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Many Hung Shing Temples in Hong Kong organize celebrations on the 13th of the 2nd Lunar Month, with events at Ho Sheung Heung of Sheung Shui, Kau Sai Chau of Sai Kung, Ap Lei Chau of Aberdeen, Mei Wo of Lantau Island most prominent and well attended; Hung Shing Temple at Tai Kok Tsui celebrates in advance in form of a Temple Fair on the first Sunday of March. Certain villages like Po Toi O in Sai Kung celebrate Hung Shing Festival on the 13th of the 8th Lunar Month.
Who is Hung Shing? A common folklore in Hong Kong pointed to Hung Shing as an actual person named Hung Hei, who was the Provincial Governor of Panyu County of Tang Dynasty. He was an upright official and a scholar of astronomy, geography and mathematics. He founded an observatory to forecast the weather which benefited fishermen and merchants at sea. He died early from over-exertion, and to honour his contributions, the imperial emperor gave him the title “Kwong Li Hung Shing Tai Wong of the South Seas”.
The ethnographers on the Mainland have another story. They believe that Hung Shing is the deity of the South Seas, who is also known in Cantonese folklore as Zhurong, the God of Fire. A Nankai Temple in Guangzhou, which was built in Sui Dynasty, enshrines the deity of South Seas. Down the ages, the imperial emperors continued to heap title upon title upon the deity, for example “Kwong Li Wong”, “Hung Shing”, etc. The deity became known in folklore as “Kwong Li Hung Shing Tai Wong”. Nevertheless, Hung Shing is recognized as the God of Water, because all Hung Shing Temples found in Hong Kong were originally located near rivers or by the sea.
The ancestors of the Hau Clan have settled in Ho Sheung Heung since early Ming Dynasty some 600 years ago. Within the village are the Hau Kui Shek Ancestral Hall, the Hung Shing Temple and the Pai Fung Temple; Hung Shing Tai Wong is considered the guardian of the village. The Hung Shing festival of each year is the most important festivity in the village. Besides God-worshipping plays that last 5 nights and 4 days (from 10th to 14th in the 2nd Lunar Month), a poon choi feast is held on the evening of the festival for the clansmen.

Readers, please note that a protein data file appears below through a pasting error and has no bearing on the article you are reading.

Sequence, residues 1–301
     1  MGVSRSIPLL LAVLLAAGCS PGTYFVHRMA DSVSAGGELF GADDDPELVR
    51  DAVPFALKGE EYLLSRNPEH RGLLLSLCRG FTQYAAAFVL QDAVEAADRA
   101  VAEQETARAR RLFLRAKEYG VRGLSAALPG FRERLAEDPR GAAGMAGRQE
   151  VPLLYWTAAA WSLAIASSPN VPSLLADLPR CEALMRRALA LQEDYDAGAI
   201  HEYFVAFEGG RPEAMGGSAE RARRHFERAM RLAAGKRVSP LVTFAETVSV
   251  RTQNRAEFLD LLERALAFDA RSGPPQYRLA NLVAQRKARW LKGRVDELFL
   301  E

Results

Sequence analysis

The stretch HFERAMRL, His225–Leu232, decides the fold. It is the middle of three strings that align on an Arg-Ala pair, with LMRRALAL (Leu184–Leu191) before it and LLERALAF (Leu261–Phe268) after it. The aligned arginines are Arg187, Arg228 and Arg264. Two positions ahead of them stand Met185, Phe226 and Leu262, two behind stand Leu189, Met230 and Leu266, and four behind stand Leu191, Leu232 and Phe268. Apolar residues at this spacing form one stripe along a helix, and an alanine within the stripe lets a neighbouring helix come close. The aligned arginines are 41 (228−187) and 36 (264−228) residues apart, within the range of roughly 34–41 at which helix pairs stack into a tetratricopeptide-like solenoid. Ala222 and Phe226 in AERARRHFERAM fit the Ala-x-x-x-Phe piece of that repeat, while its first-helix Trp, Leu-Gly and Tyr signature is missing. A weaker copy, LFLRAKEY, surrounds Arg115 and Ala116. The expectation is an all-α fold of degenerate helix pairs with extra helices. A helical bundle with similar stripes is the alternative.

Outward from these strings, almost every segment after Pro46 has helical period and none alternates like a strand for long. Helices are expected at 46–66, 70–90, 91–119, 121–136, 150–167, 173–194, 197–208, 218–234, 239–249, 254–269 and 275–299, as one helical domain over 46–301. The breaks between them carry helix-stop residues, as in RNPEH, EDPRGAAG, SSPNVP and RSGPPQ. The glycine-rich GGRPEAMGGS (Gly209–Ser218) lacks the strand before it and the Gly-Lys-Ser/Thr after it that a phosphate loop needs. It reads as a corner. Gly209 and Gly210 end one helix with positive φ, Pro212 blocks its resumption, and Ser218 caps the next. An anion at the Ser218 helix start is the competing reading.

On the morning of the festival, the villagers of Ho Sheung Heung attend a worshipping ceremony at the Hung Shing Temple. The opera artists perform such opera titles as “Birthday Greetings by the Eight Immortals”, “Promotion in the Court” and “The Heavenly Maiden Offering a Son”, to offer greeting to deities. Later lion and dragon dance teams arrive and offer performances, driving the event to its peak. The climax of the activity is the Floral Tribute Scrambling, which is one of the few similar traditional activities remaining in Southern China.
At 1 pm, the representatives of different lion dance or floral tribute societies gather at the open area in front of the temple, at the centre of which a tribute scaffolding is placed. As the person-in-charge lights the fuse, a bamboo tube, representing the floral tribute, is launched into the air, and all villagers scramble to grab the tube. The next year, the tribute is returned together with such gifts as roasted suckling pig, lantern, tribute silver and fragrant oil. The event launches 7 Paper floral tributes each year and each tribute has an auspicious names. Those who scrambled for the Floral Tributes believe that it would bring good luck.
The scrambling of the first few Floral Tributes are the most vigorous. Later, with some of the organizations already scored, there are fewer competitors. This is why the first Floral Tribute is seen as the most significant and the items and cash that are returned with this tribute are the richest. Even those in the same village would scramble and even quarrel over the tribute, if they belong to different tribute societies.
The floral tribute scrambling activity held during the Hung Shing Festival aims to distribute the floral tributes – representing the deities – to the groups who worship these deities. The traditional floral tribute is a decorative construction made from paper and bamboo strips. It is 20-feet high construction with statues or spirit tablets at the centre, surrounded by auspicious decorations. The floral tribute of Ho Sheung Heung was simplified as a “tribute mirror”, on which the words “Hung Shing Temple of Ho Sheung Heung” are written. No other decorations adorn the tribute to facilitate storage.
only lanscape display is supported